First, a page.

From sparse to dense and from assortative to disassortative in online social networks

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    Inspired by the analysis of several empirical online social networks, we propose a simple reaction-diffusion-like coevolving model, in which individuals are activated to create links based on their states, influenced by local dynamics and their own intention. It is shown that the model can reproduce the remarkable properties observed in empirical online social networks; in particular, the assortative coefficients are neutral or negative, and the power law exponents are smaller than 2. Moreover, we demonstrate that, under appropriate conditions, the model network naturally makes transition(s) from assortative to disassortative, and from sparse to dense in their characteristics. The model is useful in understanding the formation and evolution of online social networks.Comment: 10 pages, 7 figures and 2 table

    Testing for Network and Spatial Autocorrelation

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    Testing for dependence has been a well-established component of spatial statistical analyses for decades. In particular, several popular test statistics have desirable properties for testing for the presence of spatial autocorrelation in continuous variables. In this paper we propose two contributions to the literature on tests for autocorrelation. First, we propose a new test for autocorrelation in categorical variables. While some methods currently exist for assessing spatial autocorrelation in categorical variables, the most popular method is unwieldy, somewhat ad hoc, and fails to provide grounds for a single omnibus test. Second, we discuss the importance of testing for autocorrelation in data sampled from the nodes of a network, motivated by social network applications. We demonstrate that our proposed statistic for categorical variables can both be used in the spatial and network setting

    The impact of partially missing communities~on the reliability of centrality measures

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    Network data is usually not error-free, and the absence of some nodes is a very common type of measurement error. Studies have shown that the reliability of centrality measures is severely affected by missing nodes. This paper investigates the reliability of centrality measures when missing nodes are likely to belong to the same community. We study the behavior of five commonly used centrality measures in uniform and scale-free networks in various error scenarios. We find that centrality measures are generally more reliable when missing nodes are likely to belong to the same community than in cases in which nodes are missing uniformly at random. In scale-free networks, the betweenness centrality becomes, however, less reliable when missing nodes are more likely to belong to the same community. Moreover, centrality measures in scale-free networks are more reliable in networks with stronger community structure. In contrast, we do not observe this effect for uniform networks. Our observations suggest that the impact of missing nodes on the reliability of centrality measures might not be as severe as the literature suggests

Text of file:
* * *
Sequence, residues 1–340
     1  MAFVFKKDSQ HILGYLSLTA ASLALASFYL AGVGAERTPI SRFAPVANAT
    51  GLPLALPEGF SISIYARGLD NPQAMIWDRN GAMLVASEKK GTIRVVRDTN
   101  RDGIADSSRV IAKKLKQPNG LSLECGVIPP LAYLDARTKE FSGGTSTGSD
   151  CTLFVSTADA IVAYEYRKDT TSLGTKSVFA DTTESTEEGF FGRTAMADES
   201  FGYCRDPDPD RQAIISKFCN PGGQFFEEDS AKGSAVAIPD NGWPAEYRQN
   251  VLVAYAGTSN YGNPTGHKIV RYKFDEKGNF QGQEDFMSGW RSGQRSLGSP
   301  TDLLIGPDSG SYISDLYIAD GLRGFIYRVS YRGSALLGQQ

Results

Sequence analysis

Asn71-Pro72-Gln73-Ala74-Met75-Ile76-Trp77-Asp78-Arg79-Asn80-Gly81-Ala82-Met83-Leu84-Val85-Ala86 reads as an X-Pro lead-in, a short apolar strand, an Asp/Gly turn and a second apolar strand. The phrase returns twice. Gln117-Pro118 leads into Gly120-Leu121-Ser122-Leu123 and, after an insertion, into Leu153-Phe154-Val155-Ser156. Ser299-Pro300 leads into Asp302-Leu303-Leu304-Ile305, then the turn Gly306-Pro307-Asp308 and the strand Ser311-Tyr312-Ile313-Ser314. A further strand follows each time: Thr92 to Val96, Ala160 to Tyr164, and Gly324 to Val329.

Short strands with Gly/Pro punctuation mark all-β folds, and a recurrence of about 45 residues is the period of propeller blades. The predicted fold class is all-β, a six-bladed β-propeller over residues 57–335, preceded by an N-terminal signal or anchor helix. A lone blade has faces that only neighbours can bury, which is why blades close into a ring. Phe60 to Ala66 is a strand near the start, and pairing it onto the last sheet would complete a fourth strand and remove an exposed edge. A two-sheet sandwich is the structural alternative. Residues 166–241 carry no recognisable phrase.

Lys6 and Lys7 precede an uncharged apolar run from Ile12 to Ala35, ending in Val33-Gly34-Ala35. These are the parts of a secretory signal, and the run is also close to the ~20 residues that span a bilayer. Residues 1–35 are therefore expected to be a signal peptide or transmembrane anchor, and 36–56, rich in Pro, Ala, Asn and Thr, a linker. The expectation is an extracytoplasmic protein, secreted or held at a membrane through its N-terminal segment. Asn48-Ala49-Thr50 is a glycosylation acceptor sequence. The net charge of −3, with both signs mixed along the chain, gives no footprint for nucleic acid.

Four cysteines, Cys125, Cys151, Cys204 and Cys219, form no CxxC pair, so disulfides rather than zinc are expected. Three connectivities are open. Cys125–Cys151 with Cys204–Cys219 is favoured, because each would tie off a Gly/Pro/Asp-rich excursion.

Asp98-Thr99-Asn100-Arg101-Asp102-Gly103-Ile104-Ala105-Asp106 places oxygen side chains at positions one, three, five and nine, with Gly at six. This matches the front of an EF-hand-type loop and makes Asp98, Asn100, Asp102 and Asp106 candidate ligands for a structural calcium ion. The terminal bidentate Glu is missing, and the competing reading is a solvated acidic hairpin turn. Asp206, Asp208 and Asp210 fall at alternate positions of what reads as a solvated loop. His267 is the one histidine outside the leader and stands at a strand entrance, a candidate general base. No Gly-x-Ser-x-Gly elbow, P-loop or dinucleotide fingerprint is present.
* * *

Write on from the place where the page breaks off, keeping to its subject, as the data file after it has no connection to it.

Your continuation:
A Regularized Graph Layout Framework for Dynamic Network Visualization

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    Many real-world networks, including social and information networks, are dynamic structures that evolve over time. Such dynamic networks are typically visualized using a sequence of static graph layouts. In addition to providing a visual representation of the network structure at each time step, the sequence should preserve the mental map between layouts of consecutive time steps to allow a human to interpret the temporal evolution of the network. In this paper, we propose a framework for dynamic network visualization in the on-line setting where only present and past graph snapshots are available to create the present layout. The proposed framework creates regularized graph layouts by augmenting the cost function of a static graph layout algorithm with a grouping penalty, which discourages nodes from deviating too far from other nodes belonging to the same group, and a temporal penalty, which discourages large node movements between consecutive time steps. The penalties increase the stability of the layout sequence, thus preserving the mental map. We introduce two dynamic layout algorithms within the proposed framework, namely dynamic multidimensional scaling (DMDS) and dynamic graph Laplacian layout (DGLL). We apply these algorithms on several data sets to illustrate the importance of both grouping and temporal regularization for producing interpretable visualizations of dynamic networks.Comment: To appear in Data Mining and Knowledge Discovery, supporting material (animations and MATLAB toolbox) available at http://tbayes.eecs.umich.edu/xukevin/visualization_dmkd_201

    DINE : a framework for deep incomplete network embedding

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    Network representation learning (NRL) plays a vital role in a variety of tasks such as node classification and link prediction. It aims to learn low-dimensional vector representations for nodes based on network structures or node attributes. While embedding techniques on complete networks have been intensively studied, in real-world applications, it is still a challenging task to collect complete networks. To bridge the gap, in this paper, we propose a Deep Incomplete Network Embedding method, namely DINE. Specifically, we first complete the missing part including both nodes and edges in a partially observable network by using the expectation-maximization framework. To improve the embedding performance, we consider both network structures and node attributes to learn node representations. Empirically, we evaluate DINE over three networks on multi-label classification and link prediction tasks. The results demonstrate the superiority of our proposed approach compared against state-of-the-art baselines. © 2019, Springer Nature Switzerland AG.E